Last week, the New York City Planning Commission voted unanimously to approve Two Trees‘ $1.5 billion Domino Sugar Factory redevelopment plan in Williamsburg. The rather controversial project calls for the transformation of the old sugar refinery site into residential towers designed by SHoP Architects, as well as communal areas and green spaces along the waterfront. One of the main areas of contention has been the amount of affordable housing available within the complex, and the proposal was at risk of falling through completely after a last minute request from Mayor Bill de Blasio for more low-cost units shortly before the Planning Commission’s vote.
Two Trees threatened to walk out, but the mayor managed to clinch the deal by granting the developer permission to build taller, 50-story towers, whereas the earlier designs called for 30- and 40- story buildings. Now that the plan has been stamped with the city’s approval, we probably won’t be seeing Holm Architecture Office’s low-rise alternative come to fruition.
The new complex will bring an additional 110,000-square-feet of permanent housing for low- and moderate-income families to the area. This equates to about 700 affordable units, which is 40 more units than what Two Trees initially agreed upon, and 260 more than the initial SHoP Architects design included. The mayor’s office is calling this a big first win for de Blasio’s affordable housing agenda.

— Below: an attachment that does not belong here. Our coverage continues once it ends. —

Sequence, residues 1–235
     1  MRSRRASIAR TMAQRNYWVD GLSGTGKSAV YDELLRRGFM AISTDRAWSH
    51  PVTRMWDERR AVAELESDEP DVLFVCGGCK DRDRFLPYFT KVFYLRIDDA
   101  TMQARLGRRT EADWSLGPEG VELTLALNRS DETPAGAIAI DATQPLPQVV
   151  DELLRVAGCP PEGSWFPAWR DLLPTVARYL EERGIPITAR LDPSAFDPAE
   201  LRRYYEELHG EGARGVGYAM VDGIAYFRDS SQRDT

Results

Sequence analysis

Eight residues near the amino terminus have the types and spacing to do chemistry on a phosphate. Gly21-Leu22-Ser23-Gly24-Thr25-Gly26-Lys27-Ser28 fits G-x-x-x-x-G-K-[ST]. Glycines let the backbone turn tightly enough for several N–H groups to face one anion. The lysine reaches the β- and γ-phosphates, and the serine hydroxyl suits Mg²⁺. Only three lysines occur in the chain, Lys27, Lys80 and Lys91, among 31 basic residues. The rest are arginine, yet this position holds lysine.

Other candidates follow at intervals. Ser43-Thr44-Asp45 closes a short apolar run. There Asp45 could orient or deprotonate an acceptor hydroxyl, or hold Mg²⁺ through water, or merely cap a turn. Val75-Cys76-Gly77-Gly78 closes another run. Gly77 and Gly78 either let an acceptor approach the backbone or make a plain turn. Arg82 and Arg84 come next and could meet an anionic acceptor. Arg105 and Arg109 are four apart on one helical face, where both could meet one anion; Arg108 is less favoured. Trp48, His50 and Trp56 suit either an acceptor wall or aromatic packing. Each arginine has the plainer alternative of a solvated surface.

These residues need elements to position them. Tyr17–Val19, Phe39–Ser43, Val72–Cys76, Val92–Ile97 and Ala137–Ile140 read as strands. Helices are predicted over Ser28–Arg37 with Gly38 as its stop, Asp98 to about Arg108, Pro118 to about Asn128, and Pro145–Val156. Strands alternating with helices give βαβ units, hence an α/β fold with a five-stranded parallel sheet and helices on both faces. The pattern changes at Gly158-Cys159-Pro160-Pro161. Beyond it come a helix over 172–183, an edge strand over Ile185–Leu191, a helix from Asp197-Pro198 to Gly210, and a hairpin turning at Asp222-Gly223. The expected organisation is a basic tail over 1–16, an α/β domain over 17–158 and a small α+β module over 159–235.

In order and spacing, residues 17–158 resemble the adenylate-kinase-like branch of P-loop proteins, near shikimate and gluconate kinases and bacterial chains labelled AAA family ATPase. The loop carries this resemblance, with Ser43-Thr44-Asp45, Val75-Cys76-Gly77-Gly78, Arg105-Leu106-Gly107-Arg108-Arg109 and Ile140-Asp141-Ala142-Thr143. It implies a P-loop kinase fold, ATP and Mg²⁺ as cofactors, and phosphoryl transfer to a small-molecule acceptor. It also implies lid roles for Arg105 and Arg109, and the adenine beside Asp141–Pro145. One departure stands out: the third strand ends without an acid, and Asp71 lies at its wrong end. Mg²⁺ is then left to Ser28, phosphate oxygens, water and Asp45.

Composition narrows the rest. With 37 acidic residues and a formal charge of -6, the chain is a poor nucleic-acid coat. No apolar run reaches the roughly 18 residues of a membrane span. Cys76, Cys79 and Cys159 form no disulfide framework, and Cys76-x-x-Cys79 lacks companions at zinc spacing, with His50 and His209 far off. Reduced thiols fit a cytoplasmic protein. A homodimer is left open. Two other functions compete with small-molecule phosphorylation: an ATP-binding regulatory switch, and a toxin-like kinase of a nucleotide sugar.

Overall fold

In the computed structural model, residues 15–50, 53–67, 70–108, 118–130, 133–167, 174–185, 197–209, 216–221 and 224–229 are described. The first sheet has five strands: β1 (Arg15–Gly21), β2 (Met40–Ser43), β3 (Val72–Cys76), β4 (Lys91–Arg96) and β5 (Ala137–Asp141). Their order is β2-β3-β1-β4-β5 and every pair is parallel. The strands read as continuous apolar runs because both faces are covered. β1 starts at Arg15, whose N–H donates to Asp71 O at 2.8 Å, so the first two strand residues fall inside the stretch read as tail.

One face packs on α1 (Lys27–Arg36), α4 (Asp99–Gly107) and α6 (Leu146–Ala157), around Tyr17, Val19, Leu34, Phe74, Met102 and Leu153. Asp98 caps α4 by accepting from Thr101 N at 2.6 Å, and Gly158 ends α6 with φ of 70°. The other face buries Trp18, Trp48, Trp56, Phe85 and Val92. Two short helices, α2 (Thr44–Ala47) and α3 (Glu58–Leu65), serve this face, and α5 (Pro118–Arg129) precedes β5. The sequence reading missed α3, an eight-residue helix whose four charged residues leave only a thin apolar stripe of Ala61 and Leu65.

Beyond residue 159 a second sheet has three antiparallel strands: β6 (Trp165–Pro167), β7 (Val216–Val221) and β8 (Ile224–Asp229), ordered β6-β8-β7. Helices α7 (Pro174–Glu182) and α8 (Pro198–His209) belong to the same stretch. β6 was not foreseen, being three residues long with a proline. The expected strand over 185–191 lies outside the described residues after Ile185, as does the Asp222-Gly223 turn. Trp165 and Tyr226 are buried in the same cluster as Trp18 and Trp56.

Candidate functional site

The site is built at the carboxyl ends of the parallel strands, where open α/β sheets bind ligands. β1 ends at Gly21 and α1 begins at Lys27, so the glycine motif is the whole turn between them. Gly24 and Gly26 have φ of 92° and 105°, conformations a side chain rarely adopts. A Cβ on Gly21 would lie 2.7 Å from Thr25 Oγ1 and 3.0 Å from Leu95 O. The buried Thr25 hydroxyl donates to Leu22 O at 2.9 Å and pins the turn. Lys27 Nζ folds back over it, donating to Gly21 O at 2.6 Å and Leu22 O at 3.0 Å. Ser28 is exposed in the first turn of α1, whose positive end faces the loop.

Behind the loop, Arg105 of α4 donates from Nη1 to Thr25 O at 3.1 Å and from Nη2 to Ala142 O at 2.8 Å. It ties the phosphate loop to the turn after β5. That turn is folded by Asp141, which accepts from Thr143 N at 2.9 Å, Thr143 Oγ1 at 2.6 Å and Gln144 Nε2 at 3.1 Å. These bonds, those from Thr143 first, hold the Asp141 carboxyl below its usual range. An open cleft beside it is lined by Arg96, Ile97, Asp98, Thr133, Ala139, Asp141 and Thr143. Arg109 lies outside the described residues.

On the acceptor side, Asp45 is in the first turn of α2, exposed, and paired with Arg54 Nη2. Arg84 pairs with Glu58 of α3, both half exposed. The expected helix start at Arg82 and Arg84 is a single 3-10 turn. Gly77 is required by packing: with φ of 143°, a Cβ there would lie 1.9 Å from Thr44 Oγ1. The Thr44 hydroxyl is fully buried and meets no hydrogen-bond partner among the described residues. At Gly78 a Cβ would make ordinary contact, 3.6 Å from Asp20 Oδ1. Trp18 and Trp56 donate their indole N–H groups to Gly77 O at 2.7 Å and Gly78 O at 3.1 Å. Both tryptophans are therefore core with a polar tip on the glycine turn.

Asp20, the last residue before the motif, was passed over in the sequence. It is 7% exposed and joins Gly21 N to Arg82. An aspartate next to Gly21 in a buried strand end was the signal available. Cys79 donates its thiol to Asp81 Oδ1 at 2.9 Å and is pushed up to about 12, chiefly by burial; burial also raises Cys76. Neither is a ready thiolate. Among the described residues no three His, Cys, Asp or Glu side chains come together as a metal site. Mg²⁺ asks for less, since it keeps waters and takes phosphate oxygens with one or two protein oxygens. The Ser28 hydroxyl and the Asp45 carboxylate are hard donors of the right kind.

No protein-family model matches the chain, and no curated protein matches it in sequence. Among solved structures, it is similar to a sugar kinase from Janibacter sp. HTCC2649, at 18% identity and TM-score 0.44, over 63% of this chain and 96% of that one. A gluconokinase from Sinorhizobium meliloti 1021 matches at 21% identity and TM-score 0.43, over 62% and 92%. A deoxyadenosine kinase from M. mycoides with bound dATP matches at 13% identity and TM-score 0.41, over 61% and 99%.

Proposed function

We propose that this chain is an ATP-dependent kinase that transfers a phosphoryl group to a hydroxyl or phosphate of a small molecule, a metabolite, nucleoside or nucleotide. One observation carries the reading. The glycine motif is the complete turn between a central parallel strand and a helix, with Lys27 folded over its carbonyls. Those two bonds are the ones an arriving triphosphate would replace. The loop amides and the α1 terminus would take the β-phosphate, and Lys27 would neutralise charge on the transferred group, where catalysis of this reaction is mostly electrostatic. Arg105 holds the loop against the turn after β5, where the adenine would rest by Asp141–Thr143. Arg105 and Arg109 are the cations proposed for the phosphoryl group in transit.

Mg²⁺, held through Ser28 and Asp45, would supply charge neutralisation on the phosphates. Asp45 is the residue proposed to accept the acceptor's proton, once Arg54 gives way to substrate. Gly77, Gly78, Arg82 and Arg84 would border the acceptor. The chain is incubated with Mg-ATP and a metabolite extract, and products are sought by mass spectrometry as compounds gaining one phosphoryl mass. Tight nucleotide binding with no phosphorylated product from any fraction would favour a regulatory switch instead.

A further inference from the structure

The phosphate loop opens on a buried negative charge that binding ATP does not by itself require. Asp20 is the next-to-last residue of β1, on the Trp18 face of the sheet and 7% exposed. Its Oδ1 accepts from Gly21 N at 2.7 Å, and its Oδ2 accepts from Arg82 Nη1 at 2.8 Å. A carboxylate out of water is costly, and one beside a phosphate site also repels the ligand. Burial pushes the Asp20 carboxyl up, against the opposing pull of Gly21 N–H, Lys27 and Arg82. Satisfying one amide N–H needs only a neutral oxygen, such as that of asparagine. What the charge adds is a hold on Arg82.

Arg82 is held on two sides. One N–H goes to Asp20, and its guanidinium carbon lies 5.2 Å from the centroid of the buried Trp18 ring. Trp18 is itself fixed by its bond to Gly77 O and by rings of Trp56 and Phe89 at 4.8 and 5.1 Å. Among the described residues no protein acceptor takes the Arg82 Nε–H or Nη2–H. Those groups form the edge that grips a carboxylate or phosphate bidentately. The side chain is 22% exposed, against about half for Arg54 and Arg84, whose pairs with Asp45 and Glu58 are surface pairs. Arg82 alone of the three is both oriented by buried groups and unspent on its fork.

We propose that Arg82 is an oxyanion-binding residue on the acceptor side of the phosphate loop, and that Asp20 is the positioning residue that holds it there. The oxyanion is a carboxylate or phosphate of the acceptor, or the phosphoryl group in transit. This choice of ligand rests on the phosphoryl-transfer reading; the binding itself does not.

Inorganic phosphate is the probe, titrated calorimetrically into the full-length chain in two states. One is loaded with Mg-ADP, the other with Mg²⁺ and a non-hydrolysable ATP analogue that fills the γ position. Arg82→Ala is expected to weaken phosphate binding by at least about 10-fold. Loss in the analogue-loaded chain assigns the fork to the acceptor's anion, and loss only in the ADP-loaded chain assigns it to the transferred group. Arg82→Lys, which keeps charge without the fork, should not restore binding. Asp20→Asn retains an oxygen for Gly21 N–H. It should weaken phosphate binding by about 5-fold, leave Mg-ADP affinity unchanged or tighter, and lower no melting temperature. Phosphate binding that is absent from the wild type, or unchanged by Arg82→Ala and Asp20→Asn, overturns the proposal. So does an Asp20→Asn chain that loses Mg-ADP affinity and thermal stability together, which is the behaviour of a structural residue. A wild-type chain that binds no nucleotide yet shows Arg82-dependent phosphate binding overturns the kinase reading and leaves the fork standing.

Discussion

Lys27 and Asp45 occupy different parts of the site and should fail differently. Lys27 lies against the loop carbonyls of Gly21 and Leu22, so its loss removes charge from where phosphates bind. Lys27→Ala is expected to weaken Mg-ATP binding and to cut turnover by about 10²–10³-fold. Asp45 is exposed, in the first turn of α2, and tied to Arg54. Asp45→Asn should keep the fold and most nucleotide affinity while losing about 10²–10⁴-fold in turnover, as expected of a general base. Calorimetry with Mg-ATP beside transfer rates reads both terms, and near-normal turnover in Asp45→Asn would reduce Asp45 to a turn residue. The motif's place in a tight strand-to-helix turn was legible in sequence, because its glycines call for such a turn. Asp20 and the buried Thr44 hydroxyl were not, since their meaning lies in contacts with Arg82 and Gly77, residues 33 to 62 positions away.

Along with the affordable apartments, the Domino Sugar redevelopment plan includes nearly 1,600 market-rate units, a reintegrated streetscape, tech office space within the former refinery building, local retail spaces, and a new school.
The five acres of waterfront, meanwhile, will be repaved into an expansive parkland esplanade. This green space will include areas for kayak launches, a floating pool, sports fields, lawns and gardens. This public space will be connected to Williamsburg’s main streets via High Line-like elevated walkways that will double as a history museum displaying relics from the original factory.
via Arch Paper
Images © SHoP Architects